History of Drugs: Heroin
In 1898 a German chemical company launched a medicine they called heroin. A hundred years later and we now we have a feared and dangerous street drug. In 1863, Friedrich Bayer (1825-76) started up a factory to use new chemical procedures for producing colorful dyes from coal-tar. And in 1888, a new substance made Bayer chemists became the company’s first commercial medicine.
Synthetic chemicals were something totally new in the 1800’s and early 19th century. In the early 19th century medicines had always been using raw materials. For example, medicines like opium which was made from the juice of poppy seed pods.
The first man to apply a chemical process to plant drugs was Friedrich Serturner who purified the main active ingredient of opium which he later gave the name ‘morphium’ and which we now know as morphine. Being able to get morphine and other pure drugs from plants brought success for many entrepreneurs such as Georg Merck, who turned his pharmacy into a major supplier of the new chemical medicines. Morphine was widely and commonly used for pain relief in the Civil War and the Franco-Prussian War. Back then morphine was used in combination with a hypodermic syringe which had been invented in 1853.
The Making of Heroin
Now that plant derived drugs were now available in modified and purified forms they could be changed into new molecules that could be more effective and even safer for people to use. Heinrich Dreser, who now was the head of the Bayer Company in Eberfeld adopted this strategy to create two of the most famous drugs we know today. The first being heroin, which Dreser made by adding two acetyl groups to the morphine molecule; and the second being salicylic acid derivative which Bayer called ‘Aspirin’.
Heroin On the Market
Heroin took its name from the adjective heroic. Heroin was presented as a cough, chest and lung medicine to the Congress of German Naturalists and Physicians in 1898. It was meant to help with the pain relief of diseases such as pneumonia and tuberculosis which were the leading causes of death back then. Back then antibiotics had yet to be discovered and created so the doctors could only prescribe narcotic painkillers to help with the suffering of patients who could not sleep due to breathing and coughing. Heroin was very effective in helping these symptoms.
Today we know heroin to be a potent, fast acting painkiller that surpasses morphine in its effectiveness because it passes from the blood to the brain much easier. Heroin was praised as a miracle drug after its debut and was advertised in German, English, Italian, Russian and other languages all over the world.
Heroin began being prescribed instead of morphine or codeine. The addictive potential of morphine was quite well known and slowly doctors and pharmacists began to figure out that while heroin was an improvement from morphine it wasn’t an improvement in respect to addiction. Those using heroin for medicine slowly found themselves needing more and more of it to get the same pain relieving effects.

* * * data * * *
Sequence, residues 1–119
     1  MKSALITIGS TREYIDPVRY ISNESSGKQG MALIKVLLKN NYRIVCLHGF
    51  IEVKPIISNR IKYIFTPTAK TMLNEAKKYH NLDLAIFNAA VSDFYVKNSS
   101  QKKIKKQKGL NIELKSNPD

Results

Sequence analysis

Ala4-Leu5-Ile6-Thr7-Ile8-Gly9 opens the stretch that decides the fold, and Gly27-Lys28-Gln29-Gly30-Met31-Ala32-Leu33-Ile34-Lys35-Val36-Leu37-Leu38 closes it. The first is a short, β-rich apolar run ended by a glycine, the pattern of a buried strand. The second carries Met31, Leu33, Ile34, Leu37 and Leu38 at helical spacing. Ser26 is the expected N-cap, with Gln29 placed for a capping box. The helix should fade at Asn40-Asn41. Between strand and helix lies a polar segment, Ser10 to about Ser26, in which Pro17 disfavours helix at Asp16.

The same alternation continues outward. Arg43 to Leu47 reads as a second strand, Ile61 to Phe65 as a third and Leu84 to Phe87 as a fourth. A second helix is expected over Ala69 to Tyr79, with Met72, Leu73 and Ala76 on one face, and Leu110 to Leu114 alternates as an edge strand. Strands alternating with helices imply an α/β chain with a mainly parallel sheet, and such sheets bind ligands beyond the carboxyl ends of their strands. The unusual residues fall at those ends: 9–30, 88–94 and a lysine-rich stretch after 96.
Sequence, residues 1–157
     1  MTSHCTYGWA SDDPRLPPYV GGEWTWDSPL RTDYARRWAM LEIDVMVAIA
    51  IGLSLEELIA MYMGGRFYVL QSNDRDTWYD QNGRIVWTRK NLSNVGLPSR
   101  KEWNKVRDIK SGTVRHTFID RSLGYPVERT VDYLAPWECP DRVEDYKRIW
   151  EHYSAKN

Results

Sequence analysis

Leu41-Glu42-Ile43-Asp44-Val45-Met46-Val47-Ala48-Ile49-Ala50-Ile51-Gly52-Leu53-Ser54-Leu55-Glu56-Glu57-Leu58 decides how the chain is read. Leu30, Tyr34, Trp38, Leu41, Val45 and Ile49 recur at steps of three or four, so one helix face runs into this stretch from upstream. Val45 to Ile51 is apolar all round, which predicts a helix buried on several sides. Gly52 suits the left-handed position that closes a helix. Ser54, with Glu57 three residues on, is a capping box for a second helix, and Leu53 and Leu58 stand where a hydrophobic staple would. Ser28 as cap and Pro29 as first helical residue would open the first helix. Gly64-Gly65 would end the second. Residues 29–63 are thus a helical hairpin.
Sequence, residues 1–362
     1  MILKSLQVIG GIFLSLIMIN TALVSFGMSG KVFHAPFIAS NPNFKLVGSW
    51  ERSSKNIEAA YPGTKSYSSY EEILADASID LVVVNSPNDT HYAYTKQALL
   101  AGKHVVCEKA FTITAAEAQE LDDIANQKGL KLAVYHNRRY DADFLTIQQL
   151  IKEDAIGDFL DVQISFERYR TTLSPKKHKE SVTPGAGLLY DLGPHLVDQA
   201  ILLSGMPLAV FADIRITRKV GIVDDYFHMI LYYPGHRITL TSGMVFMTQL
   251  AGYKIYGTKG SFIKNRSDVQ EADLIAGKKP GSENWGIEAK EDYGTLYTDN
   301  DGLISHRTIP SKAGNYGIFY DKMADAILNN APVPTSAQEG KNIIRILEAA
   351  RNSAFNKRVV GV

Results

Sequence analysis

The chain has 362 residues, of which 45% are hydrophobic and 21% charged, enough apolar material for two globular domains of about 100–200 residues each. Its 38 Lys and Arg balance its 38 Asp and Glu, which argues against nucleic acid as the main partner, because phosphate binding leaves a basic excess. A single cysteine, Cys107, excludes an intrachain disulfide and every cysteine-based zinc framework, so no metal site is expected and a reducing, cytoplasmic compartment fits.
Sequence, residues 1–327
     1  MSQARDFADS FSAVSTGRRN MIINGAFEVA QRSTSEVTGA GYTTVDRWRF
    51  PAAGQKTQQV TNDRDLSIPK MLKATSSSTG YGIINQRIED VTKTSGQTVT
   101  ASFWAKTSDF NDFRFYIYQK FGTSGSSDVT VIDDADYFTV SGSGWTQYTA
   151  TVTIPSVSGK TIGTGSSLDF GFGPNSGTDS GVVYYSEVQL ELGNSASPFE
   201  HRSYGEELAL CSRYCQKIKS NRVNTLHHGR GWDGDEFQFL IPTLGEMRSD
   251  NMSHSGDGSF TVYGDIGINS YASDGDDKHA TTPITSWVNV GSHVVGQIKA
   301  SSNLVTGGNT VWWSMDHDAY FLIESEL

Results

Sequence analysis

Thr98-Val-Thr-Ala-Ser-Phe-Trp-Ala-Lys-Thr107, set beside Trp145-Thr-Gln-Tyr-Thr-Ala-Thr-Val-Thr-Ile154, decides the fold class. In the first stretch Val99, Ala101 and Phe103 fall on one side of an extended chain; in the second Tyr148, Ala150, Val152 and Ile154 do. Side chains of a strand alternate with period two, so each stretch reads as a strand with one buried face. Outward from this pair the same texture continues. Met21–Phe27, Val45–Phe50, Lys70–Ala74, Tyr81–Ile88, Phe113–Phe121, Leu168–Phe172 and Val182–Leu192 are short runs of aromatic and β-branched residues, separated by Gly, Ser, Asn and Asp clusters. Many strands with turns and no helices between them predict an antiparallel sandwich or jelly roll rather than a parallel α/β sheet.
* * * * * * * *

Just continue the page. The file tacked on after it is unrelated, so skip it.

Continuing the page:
The Downfall of Heroin
By 1903, it was finally realized that heroin had become a serious problem. Hundreds of people had been treated for heroin addiction in what was known as “demorphisation”. The United States was the first country where heroin addiction became a serious problem. By the late 19th century it was believed that over a quarter of a million Americans were addicted to opium, morphine or cocaine. In 1910, New York’s Bellevue Hospital made its first ever admission for heroin addiction. In 1915, it admitted 425 heroin addicts.
Heroin eventually became a black market substance and one that could only be obtained with a prescription. During the early 1920s a number of New York addicts supported themselves by collecting scrap metal from industrial dumps, so earning the label ‘junkies’. Also at this time was the discovery by addicts of the enhanced euphoric effects when heroin was injected with the hypodermic syringe.
Heroin addiction was blamed for a number of the 260 murders that occurred in 1922 in New York. These concerns led the US Congress to ban all domestic manufacture of heroin in 1924 which left only morphine and codeine available but still only by prescription.
After heroin became outlawed, it’s use generally declined except for two major spikes in use, or heroin epidemics.
The first one began after World War II and the second began in the late 1960s. During the first epidemic, the highest incidence of use occurred in the late 1940s and early 1950s; during the second, the highest incidence occurred between 1971 and 1977. Both epidemics appear to have subsided due to lack of purity in the heroin that was available, and the increasing cost of heroin.
At the time of the second epidemic, heroin use was prevalent among enlisted men serving in Vietnam during the Vietnam War. From 1969 to 1971, opiates were cheaply available in that country.
The prescription painkiller epidemic has ushered in another spike in heroin use. The increase in the availability of opiate based prescription narcotics has led more and more people to get hooked.
In recent years, there has been a widespread crackdown on doctors who prescribe these medications and pharmacies that dispense them. Prescription pills are not as easy to get as they once were, and a prescription pill addiction can be very expensive, with pills costing up to a dollar per milligram. By contrast, heroin in New Jersey can go for as low as $50 dollars a bundle (approximately one gram). When someone becomes addicted, it can become difficult for them to afford the pills. Heroin is a much cheaper alternative.
If your loved one is in need of heroin addiction treatment please give us a call at 800-951-6135.